John Holden (1729-1772), an English merchant potter based in Glasgow, seems to have been the first music theorist to theorize the perception of music as dependent on mental acts, and to propose a detailed account of how exactly the human mind perceives, grasps, and enjoys music. Hearing with the Mind: John Holden and Proto-Cognitive Music Theory in the Scottish Enlightenment explores the emergence and the nature of Holden’s proto-cognitivist music theory and its relation to Scottish philosophy of mind as well as to socio-political changes in Britain at the time. It also turns to the afterlife of Holden's ideas in the music-theoretical productions of a remarkable pair of Scottish siblings, Walter (1745-1814) and Anne Young (1756-1811), the latter of whom invented and patented a remarkable music-theoretical game set in 1801. By embedding their biographies and writings within the broader social, musical, and philosophical contexts of the Scottish Enlightenment, I hope to answer two questions: First, what changing social and economic circumstances enabled people such as merchants and women, who were not traditionally represented in the discipline of music theory, to engage with it so successfully in late eighteenth-century Scotland? And second, what intellectual influence(s) enabled the creation of this unique tradition of musical thought, with its strikingly original anticipations of recent and contemporary ideas in the modern field of music cognition?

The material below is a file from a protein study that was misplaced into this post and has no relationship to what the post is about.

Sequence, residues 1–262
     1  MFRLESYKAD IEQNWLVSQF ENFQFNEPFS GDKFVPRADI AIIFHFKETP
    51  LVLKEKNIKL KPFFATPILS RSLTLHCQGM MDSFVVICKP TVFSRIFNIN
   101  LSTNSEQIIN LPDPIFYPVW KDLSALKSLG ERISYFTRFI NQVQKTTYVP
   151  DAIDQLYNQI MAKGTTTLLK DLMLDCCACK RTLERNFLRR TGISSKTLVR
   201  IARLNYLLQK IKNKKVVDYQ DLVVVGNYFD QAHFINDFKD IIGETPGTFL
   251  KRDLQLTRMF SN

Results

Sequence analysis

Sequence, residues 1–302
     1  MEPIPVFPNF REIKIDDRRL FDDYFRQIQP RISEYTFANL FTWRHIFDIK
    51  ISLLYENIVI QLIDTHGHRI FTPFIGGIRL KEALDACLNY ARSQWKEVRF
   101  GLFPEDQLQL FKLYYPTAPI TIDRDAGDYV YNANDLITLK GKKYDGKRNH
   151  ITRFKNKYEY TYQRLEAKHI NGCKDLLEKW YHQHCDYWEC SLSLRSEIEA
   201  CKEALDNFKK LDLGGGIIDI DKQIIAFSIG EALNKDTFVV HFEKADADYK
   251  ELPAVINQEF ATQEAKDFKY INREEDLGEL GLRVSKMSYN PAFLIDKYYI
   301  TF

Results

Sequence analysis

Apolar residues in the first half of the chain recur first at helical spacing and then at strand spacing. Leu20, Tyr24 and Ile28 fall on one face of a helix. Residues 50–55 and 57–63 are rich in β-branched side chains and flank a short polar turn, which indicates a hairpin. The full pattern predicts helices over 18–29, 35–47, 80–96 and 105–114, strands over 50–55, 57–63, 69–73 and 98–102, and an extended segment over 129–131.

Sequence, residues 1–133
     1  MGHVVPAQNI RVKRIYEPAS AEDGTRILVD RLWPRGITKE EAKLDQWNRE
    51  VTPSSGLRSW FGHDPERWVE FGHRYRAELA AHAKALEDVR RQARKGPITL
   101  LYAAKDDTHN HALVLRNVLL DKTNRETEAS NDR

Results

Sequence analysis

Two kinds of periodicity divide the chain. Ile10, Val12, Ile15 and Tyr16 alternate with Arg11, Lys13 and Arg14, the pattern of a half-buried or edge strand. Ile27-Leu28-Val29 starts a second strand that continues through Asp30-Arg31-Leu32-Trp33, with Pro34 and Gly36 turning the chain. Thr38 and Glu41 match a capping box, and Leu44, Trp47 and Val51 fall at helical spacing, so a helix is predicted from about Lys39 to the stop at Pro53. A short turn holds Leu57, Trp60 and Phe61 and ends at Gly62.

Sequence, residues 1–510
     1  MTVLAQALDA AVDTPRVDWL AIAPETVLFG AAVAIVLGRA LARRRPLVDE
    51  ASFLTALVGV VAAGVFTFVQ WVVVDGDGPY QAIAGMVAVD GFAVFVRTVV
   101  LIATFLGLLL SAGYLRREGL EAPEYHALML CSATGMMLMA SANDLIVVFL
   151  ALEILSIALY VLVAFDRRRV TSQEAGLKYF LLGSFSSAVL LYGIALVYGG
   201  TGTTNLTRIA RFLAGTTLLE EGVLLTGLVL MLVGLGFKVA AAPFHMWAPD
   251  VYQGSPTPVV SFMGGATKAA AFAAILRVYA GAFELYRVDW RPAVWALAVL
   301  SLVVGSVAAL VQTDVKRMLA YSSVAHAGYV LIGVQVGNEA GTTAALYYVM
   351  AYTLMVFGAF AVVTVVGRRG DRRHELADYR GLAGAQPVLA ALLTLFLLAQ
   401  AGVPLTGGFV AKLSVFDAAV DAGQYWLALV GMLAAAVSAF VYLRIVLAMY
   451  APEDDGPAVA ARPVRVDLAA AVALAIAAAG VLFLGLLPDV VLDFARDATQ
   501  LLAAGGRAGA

Carmel Raz, “‘To ‘Fill Up, Completely, the Whole Capacity of the Mind’: Listening with Attention in Late Eighteenth-Century Scotland.” Music Theory Spectrum 44.1 (2022): 141-154. Link
Carmel Raz, “Music of the Squares: David Ramsay Hay and the Reinvention of Pythagorean Aesthetics,” Public Domain Review, May 16, 2019. Link
Carmel Raz, “An Eighteenth-Century Theory of Musical Cognition? John Holden’s Essay Toward a Rational System of Music (1770),” Journal of Music Theory 62.2 (October, 2018): 205–248. Link
Carmel Raz, “Anne Young’s Introduction to Music (1803): Pedagogical, Speculative, and Ludic Music Theory,” SMT-V: Videocast Journal of the Society for Music Theory 4.3 (October, 2018). Link
Carmel Raz, “Anne Young’s Musical Games (1801): Music Theory, Gender, and Game Design,” SMT-V: Videocast Journal of the Society for Music Theory 4.2 (September, 2018). Link
Listen to a BBC Radio 3 feature about the project here (the segment starts about 11 minutes in).